From Tennis Confidential by Paul Fein (published in 1999):
“Given the same chance as others have had, blacks would dominate our sport as they have in other sports”, asserted Arthur Ashe, tennis first black men’s champion, in 1968.
For the first half of the twentieth century, blacks had no chance to compete at, let alone dominate, world-class tournaments. A major reason for this racial discrimination was that white athletes in tennis and other sports were afraid of competing on an equal basis with blacks.
“For 120 years, white America has gone to extraordinay lengths to discredit and discourage black participation in sports because black athletes have been so successful,” Ashe wrote in a New York times column.
In the not-so-good old days, the “Whites only” signs on tennis courts didn’t refer only to clothes. To end that separate but unequal segregation and to promote the grassroots game among black Americans, the American Tennis Association was organized in 1916. Before the ATA, black players, chiefly from the Northeast, participated in invitational interstate tournaments, the first being staged in Philadelphia in 1898. But since blacks were barred from playing in United States Lawn Tennis Association – sanctioned tournaments prior to 1940, the ATA struggled for years to ovecome that towering barrier to equality.
Despite a shortage of rackets, balls, courts, topflight coaching and funds for travel, outstanding black players such as Ora Washington, Jimmie McDaniel, and Oscar Johnson Jr emerged. Washington, a superb all-around athlete, captured seven straight ATA national women’s singles titles from 1929 to 1935.
McDaniel was “the greatest black tennis player of them all,” according to Sydney Llewellyn, a self-described archivist of black tennis from New York’s Harlem neighborhood. “McDaniel was better than Ashe. He was bigger, stronger,” Llewellyn told Tennis USTA. “He was a tall lefty, maybe 6’5. He’d take etwo steps and be all over the net. He had it all. He would have won a bunch of Grand Slams somewhere along the line, if he had had the chance.”
He didn’t because his heyday, albeit an obscure one, ended in the 1940s. Johnson dubbed “the Jackie Robinson of tennis”, came closer. As a skinny seventeen-year-old from Los Angeles, he broke ground as the first black to play in and win a USLTA national tournament, the 1948 National Junior Public Parks. Five years later promoter Jack Kramer offered Johnson a pro contact, but a snapped ebow tendon prematurely finished his career.
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By Alan Tengrove, Australian Tennis magazine, July 2000:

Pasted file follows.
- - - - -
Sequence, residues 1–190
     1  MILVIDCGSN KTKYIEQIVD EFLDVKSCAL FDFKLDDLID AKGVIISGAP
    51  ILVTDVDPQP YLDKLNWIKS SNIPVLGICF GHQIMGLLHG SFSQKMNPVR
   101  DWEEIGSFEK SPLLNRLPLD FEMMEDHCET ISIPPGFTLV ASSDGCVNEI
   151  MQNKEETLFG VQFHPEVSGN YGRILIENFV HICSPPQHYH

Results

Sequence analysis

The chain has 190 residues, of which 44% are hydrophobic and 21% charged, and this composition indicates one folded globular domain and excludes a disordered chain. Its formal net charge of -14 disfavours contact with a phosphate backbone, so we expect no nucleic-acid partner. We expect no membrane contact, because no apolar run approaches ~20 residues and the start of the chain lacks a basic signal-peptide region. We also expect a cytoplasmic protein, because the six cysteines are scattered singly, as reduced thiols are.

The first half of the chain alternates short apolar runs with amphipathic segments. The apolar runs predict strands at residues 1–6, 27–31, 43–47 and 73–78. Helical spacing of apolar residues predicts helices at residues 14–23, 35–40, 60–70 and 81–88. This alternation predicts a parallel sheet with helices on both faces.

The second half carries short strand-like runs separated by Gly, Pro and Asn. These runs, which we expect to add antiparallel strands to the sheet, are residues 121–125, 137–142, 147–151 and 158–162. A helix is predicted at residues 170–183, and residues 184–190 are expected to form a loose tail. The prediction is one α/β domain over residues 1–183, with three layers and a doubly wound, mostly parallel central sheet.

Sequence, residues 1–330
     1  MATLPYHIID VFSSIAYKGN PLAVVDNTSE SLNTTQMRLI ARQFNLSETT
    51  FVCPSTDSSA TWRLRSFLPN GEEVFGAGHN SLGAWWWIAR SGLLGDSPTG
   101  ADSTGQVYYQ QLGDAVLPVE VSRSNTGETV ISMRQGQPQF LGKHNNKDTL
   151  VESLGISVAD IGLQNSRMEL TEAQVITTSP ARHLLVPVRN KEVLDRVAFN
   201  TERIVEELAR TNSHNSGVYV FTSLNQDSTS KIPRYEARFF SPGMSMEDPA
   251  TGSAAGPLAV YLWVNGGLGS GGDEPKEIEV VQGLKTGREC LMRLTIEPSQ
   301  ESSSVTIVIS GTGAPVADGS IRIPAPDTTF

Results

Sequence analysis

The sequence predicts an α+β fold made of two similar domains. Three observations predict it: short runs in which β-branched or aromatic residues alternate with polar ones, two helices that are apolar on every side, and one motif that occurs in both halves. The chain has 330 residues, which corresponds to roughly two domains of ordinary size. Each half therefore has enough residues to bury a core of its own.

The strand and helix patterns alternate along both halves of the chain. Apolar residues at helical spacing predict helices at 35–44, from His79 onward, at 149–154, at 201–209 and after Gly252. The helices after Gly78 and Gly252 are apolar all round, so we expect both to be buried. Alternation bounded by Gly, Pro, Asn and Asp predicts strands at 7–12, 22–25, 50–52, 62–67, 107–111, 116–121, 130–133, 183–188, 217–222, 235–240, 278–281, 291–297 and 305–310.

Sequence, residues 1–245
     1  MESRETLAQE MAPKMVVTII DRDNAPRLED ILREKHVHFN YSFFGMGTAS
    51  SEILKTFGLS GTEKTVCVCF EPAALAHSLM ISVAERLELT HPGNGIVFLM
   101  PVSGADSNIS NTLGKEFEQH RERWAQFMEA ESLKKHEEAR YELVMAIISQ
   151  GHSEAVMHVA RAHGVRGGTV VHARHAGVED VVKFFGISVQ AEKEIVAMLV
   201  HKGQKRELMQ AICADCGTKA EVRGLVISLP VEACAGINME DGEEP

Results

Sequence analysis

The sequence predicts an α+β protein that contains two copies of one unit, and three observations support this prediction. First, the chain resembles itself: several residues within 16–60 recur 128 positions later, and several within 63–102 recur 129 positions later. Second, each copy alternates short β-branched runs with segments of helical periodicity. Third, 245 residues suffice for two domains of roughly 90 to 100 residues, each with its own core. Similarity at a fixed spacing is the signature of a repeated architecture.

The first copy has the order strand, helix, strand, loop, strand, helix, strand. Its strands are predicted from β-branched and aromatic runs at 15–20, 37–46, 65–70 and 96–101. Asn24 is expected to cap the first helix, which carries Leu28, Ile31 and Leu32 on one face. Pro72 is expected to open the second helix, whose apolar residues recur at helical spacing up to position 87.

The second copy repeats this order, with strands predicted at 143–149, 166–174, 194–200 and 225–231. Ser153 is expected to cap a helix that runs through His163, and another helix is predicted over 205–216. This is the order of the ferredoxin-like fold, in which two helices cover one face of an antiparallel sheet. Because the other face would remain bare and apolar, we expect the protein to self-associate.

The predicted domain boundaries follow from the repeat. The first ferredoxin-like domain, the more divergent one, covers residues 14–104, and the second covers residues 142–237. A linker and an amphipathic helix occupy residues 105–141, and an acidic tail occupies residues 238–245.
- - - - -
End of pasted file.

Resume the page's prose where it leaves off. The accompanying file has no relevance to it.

A new Mary Pierce, more complete as a person and a tennis player, achieved an “impossible dream” at a dramatic French Open.
There were good reasons for Mary Pierce‘s self-pity. A father she loved, but who mistreated her in his obsession to make her a champion. A nervous temperament that often brought her undone. A part-French background that caused her more anguish than joy because she failed to live up to the expectations of a public thirsting for glory.
All changed at Roland Garros when Pierce, the No. 6 seed, became the first French woman to win he national championship since Françoise Durr in 1967. At last she did justice to her considerable talent. She out-hit three-time champion Monica Seles in a quarter-final, tipped out top seed Martina Hingis in a semi, and out-classed fifth seed Conchita Martinez 6-2 7-5 in the final.
With a partially disabled Lindsay Davenport upset in the first round, and an under-prepared Venus Williams eliminated by Arantxa Sanchez Vicario (who later lost to Martinez), there was no doubt Pierce deserved the title. Just as she did the doubles title shared with Hingis. At 25, and in her 11th year as a professional, she played the finest tennis of her career.
It seemed so much more than six years ago that she reached her first French Open final after surprising Steffi Graf. Then, a bundle of nerves, she was no match for Sanchez Vicario.
Seven months later, when she beat Sanchez Vicario in the Australian Open final, anything seemed possible. France hoped she would inherit Graf’s throne, but year after year Pierce was disappointing. For five years she failed to pass the fourth round at Roland Garros. She flopped at other French tournaments.
Her former fans felt let down, were irritated by her mannerisms, and turned against her, teating her with derision. She was overshadowed by younger players, such as Hingis, the Williams sisters and Davenport. And three years ago, disenchanted, she stopped representing her adopted country in the Fed Cup.
To win the French Open was her dream – an impossible dream, it had seemed.
“Everything that’s happened here in the past, everything that I’ve been through, there’s just so many emotions that attach to this tournament,” she said after heer unexpected triumph. “to win is amazing.”
She was 13 when her American father became dissatisfied with the attitude of the USTA and decided to move the family to France, where her mother was born. Pierce hated to leave her school and friends in Florida, but had no choice.
In Paris she was separated from her family and lived in a dormitory at Roland Garros.